Drukpa Kunley, called “the divine madman”
Perhaps one of the most underrated tools for a Mindfulness teacher is the power of Storytelling. Because when one is teaching meditation, one is trying to convey, through technical language something that resist being reduced to language above and beyond the usual resistance.
Let’s take something more socially common: the experience of falling in love.
Now, I don’t know about you, gentle reader, but when I was young, falling in love was this experience which was at the same time ill-defined and omnipresent, specially going into my teen years. On one hand, it seemed to be the expected thing to do: young people FELL IN LOVE in capitals, reshaping their world invariably for the better. On the other hand, the…let’s call them symptoms, were…worrying. Fluttering butterflies? Pulse Racing? Shortness of Breath? Was that a pleasant, life-affirming sensation or a stroke?
But with time and patience, one learns to recognize the signals and that they’re exaggerated for dramatic purposes. The same happens with meditation: its a lot of complex signals and experiences, which lack a common language that helps mediate and articulate them.
There’s a short anecdote about Borges, the great lover of language. He travels to Japan and meets a living Buddha (I.e. someone who was recognized to be enlightened). So Borges, the consummate writer and poet asks him to describe enlightenment and the monk says the worst thing possible to him: he cannot. He can talk about enlightenment with another Buddha, who will understand him…but not with Borges.
This, of course, drives the great master of language mad and is probably one of his greatest regrets into old age. But this points out to a great problem with language: we need some kind of bridge, beyond the structures of syntax and grammar, that allows experience to be shared.
Stories are that bridge.
Think back to your teen years. Where there stories about falling in love? Anecdotes from an elder sibling, jests between friends, little talks? If you were in a school, or in a less than totally dysfunctional family, there probably were.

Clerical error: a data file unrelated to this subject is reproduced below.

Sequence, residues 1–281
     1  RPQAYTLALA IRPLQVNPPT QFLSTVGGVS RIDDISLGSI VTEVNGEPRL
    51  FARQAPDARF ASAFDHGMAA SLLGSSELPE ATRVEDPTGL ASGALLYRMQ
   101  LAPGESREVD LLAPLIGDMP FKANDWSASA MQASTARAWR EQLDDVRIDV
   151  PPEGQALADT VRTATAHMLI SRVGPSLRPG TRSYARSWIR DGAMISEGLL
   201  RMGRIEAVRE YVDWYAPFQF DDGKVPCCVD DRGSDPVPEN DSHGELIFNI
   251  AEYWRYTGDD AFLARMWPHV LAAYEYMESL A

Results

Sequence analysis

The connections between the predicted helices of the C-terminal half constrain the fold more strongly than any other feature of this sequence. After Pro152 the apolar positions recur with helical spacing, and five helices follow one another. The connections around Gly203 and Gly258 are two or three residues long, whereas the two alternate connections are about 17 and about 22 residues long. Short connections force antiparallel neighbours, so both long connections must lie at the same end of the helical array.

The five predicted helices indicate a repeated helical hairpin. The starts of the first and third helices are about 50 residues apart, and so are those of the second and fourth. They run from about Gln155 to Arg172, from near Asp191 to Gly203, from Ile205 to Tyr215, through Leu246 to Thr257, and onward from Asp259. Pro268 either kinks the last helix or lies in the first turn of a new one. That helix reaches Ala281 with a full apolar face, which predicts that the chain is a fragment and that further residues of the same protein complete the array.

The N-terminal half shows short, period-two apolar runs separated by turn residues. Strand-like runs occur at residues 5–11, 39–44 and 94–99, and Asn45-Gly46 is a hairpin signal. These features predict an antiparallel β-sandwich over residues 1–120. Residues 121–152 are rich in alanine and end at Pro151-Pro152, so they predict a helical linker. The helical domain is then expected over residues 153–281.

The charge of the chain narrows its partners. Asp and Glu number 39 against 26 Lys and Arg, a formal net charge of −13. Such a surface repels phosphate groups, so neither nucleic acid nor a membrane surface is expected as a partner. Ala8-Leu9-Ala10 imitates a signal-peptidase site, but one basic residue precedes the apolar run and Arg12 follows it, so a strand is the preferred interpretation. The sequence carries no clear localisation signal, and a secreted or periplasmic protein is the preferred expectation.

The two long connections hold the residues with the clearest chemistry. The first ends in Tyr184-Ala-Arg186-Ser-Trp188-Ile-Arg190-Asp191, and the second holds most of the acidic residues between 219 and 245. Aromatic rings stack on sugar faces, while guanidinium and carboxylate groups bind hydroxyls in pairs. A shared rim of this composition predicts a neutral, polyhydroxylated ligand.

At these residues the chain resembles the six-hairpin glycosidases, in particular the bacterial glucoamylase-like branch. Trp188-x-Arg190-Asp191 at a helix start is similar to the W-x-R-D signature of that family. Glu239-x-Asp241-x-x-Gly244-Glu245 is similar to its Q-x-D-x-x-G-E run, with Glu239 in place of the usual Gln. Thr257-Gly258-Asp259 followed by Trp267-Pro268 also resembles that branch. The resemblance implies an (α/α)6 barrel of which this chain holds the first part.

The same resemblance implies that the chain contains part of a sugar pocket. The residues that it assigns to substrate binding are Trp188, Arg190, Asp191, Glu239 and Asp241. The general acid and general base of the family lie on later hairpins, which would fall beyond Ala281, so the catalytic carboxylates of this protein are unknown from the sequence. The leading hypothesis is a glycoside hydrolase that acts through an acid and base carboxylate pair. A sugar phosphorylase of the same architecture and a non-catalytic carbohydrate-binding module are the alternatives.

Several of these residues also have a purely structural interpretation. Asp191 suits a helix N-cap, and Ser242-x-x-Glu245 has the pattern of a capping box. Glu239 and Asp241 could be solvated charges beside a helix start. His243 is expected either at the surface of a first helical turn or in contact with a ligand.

We lack that kind of everyday storytelling with meditation: we usually approach it in a more formal framework. And I think that this hurts our ability to integrate it. That’s why stories can help bridge that gap, create a way for experience to be communicated. Be it the bizarre antics of Drukpa Kunley, the story on how Ganesh became elephant headed or a more down to earth story on how we began to meditate in response to a situation, I think that Storytelling is the tool that will help more Mindfulness teachers to communicate.
What are your favorite meditation stories?
So…we’ve just finished the #M10D Challenge. This was an exponential challenge, beyond the #M6D by leaps and bounds. And it was incredible! We had people from Japan to the Aleutians, from Sweden to the southern Patagonia here in Argentina. But I also learn a lot about organizing it, and how it differs from the basic #M6D, so I thought that I would put this learning in writing. In case that this is the first article that you read about it, I suggest that you go to the brief explanation that I’ve posted here or to my Youtube channel for more in depth coverage. Also, you might want to refresh the previous Marathons based on #M6D. Also, just for fun, I’m including our playlist at the Present Show